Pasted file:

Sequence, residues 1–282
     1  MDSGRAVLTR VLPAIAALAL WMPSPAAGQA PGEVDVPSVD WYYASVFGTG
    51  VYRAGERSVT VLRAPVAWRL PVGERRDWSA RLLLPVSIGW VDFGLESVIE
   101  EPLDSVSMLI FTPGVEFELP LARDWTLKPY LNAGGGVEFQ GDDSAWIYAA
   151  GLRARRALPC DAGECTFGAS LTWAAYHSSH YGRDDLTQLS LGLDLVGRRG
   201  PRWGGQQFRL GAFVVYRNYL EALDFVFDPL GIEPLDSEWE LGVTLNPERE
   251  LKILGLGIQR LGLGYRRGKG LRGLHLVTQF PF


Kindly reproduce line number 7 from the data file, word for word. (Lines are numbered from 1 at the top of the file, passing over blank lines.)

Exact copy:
   251  LKILGLGIQR LGLGYRRGKG LRGLHLVTQF PF